On November 7, 1962, Richard Nixon conceded his loss to Pat Brown in the race for governor of California, saying famously, “You don’t have Nixon to kick around any more, because, gentlemen, this is my last press conference.” In 1963, after the assassination of President Kennedy, the Beat poet Bob Kaufman (pictured) took a vow of complete silence, spoken and written.† And in 1982, after four years as governor, Pat Brown’s son Jerry decided not to run for a third term, instead running for the Senate, losing to Pete Wilson, and withdrawing to study Buddhism in Japan.
In that spirit, it’s time for me to sign off. This has been a marvelous blog, and I’ve been happy to contribute to it. Cheers all, and see you in the ether.
† Which he kept until 1975, when he walked into a coffeeshop in North Beach and recited a poem.
Reproductions of Arneson’s Yin and Yang Eggheads appear along the Embarcadero, situated together just east of the Justin Herman Plaza fountain, across from the Port of San Francisco Ferry Building. The sculpture was dedicated in mid-December. A plaque recognizes it as a reproduction of one in a series of five acrylic-on-bronze sculptures commissioned for UC Davis.
A native of Benicia, Arneson taught ceramics at UC Davis from 1962 to 1991. His Egghead sculptures were created for specific campus locations and were installed during 1991-94. The original Yin and Yang Eggheads sit outside the UC Davis fine arts complex courtyard, where they were positioned by Arneson himself shortly before his death in 1992.
As relief from the grim tone of the page, with no pictures or conversations, here are some links to work by the great Alice Neel (1900-1984). A true Greenwich Village bohemian, she lived a life that (had I the time) would warrant an extensive post. Apparently her work was disparaged during the brief (and macho) hegemony of abstraction; and certainly she suffered for it, living at times on welfare. In 1934, her companion Kenneth Doolittle destroyed hundreds of her paintings “in a rage”. And yet she made an extraordinary body of work, from the 1920s into the 1980s. Her specialty was the portrait, but there are striking cityscapes and still lifes as well. Looking at the pictures, I’m perpetually surprised at how much variety she achieved with seemingly simple means — and in particular, what variety of expression and personality she could convey in the faces of her sitters.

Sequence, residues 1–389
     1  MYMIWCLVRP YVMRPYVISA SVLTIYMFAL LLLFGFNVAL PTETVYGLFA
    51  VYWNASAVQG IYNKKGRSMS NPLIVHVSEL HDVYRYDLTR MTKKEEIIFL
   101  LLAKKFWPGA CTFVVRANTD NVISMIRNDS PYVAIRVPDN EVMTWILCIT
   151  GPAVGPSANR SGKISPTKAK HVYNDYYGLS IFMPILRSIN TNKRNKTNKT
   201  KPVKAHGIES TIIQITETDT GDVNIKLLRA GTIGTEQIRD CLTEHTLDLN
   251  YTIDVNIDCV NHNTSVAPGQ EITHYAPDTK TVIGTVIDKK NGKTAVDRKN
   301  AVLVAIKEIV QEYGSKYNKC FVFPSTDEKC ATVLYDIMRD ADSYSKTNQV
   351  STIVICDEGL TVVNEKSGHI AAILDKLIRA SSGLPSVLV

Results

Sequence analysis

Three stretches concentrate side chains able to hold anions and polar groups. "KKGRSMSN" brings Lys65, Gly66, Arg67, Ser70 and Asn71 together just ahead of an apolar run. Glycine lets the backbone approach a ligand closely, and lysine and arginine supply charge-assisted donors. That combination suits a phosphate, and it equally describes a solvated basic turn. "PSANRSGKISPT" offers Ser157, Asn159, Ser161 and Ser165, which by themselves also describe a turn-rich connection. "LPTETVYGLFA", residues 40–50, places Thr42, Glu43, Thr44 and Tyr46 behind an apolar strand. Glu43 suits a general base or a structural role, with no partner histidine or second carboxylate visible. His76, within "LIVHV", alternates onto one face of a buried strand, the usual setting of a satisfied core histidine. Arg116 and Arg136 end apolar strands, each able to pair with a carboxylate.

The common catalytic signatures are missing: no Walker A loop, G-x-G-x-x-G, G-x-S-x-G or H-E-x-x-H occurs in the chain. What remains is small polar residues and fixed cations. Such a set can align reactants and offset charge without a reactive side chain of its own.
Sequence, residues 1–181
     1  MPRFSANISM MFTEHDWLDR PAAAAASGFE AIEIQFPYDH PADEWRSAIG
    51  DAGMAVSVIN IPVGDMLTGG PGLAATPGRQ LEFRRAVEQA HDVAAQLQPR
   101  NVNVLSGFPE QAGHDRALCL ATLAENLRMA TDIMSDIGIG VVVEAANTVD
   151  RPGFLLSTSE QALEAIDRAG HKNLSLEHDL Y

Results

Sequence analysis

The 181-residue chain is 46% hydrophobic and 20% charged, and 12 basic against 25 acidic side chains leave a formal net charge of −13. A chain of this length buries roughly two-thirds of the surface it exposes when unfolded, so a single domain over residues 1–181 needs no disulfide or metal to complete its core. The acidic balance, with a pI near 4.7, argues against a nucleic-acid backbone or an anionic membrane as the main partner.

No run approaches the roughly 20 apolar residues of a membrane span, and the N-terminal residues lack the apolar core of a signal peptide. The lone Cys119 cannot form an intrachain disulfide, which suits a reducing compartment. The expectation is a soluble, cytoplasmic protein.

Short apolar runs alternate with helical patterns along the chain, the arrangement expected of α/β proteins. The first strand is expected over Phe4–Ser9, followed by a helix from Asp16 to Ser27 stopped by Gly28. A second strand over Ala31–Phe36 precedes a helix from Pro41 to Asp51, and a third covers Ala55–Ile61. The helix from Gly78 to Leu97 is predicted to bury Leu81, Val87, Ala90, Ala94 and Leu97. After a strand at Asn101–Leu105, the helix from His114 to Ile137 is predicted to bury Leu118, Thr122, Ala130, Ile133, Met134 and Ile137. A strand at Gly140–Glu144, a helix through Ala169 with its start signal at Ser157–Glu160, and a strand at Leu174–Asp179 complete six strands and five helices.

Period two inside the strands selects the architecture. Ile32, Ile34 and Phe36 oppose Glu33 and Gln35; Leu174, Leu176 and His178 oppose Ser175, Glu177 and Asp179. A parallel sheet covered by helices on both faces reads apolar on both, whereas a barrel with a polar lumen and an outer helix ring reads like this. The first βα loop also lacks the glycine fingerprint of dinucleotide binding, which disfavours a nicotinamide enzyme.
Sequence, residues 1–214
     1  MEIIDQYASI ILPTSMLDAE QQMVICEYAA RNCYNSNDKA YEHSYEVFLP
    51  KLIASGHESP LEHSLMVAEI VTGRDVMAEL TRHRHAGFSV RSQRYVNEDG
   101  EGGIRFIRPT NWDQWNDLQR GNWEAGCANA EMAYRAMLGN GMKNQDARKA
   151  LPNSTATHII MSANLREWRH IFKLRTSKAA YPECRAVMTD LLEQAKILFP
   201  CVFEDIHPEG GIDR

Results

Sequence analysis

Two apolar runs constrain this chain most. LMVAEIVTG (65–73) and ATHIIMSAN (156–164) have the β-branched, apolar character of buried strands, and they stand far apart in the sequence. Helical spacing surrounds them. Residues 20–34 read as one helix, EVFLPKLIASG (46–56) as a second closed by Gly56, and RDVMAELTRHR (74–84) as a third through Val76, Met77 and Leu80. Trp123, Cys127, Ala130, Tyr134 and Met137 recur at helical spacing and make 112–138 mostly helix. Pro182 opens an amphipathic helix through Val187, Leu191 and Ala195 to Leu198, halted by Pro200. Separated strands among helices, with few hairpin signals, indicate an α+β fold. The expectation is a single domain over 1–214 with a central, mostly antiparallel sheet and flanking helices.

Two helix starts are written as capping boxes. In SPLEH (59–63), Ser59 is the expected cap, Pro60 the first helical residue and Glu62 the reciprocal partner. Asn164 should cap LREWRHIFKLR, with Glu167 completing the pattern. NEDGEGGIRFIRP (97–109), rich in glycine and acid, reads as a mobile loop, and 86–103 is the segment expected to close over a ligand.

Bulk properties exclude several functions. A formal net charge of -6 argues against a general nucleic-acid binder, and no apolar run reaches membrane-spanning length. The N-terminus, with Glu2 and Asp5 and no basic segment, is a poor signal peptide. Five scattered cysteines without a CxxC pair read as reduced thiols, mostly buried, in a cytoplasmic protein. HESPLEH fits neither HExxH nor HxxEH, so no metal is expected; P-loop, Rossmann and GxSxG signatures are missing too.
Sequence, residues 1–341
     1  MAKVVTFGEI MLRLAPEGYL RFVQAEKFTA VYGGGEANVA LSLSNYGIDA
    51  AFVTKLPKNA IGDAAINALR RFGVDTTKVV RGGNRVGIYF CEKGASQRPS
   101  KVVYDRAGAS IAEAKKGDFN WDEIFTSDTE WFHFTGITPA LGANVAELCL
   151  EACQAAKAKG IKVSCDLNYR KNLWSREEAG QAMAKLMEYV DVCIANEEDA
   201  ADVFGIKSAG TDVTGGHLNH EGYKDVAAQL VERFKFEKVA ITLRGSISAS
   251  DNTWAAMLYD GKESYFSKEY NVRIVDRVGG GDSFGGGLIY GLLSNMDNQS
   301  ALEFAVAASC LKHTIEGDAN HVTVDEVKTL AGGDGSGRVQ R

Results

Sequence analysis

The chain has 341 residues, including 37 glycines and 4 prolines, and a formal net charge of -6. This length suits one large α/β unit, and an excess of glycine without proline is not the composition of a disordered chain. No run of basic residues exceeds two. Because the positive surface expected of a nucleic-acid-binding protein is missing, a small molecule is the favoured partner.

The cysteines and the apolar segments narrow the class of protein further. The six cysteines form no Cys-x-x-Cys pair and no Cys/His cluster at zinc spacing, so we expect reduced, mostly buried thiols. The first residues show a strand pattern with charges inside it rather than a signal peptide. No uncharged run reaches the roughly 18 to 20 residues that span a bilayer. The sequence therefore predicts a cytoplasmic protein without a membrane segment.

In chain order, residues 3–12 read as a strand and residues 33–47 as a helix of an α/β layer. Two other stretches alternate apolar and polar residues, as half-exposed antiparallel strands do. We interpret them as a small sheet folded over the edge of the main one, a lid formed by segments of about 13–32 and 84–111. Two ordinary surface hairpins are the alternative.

On November 9, 1965, a crew from Bekins Moving Company arrived at 2322 Fillmore Street, San Francisco. In an apartment on the second floor, they cautiously unmounted an enormous painting — eight feet by eleven and weighing literally a ton — lowered it to the floor and packed it into a wooden crate. A carpenter cut out a window and part of the façade; the movers gently slid the painting out this slot onto the platform of a crane, then lowered it to the sidewalk and into the truck. The artist hovered, nervously smoking, clowning for a friend’s camera as her life’s work, unmanageable and well-nigh uncontainable, was shipped away.
Jay DeFeo was born in 1929, in Hanover, New Hampshire. She grew up in the Bay Area, and studied art at Berkeley, earning her MFA in 1951. After a year in Europe, she returned to Berkeley; in 1954, she married the painter Wally Hedrick, and they moved to San…
Across from the School of Business stands a burrito cart which makes outstanding burritos. The affluent MBA-seekers often go there to get lunch, and many of them, to prove that they are down with the gente, will place their orders in halting Spanish to the young lady who runs the cart. Like ordering in French at a French restaurant, but real.
Recently, a friend decided to get a burrito and stood in line behind one of these hotshots, who fumbled the Spanish for one of the toppings and then asked the burrito lady what the correct word was.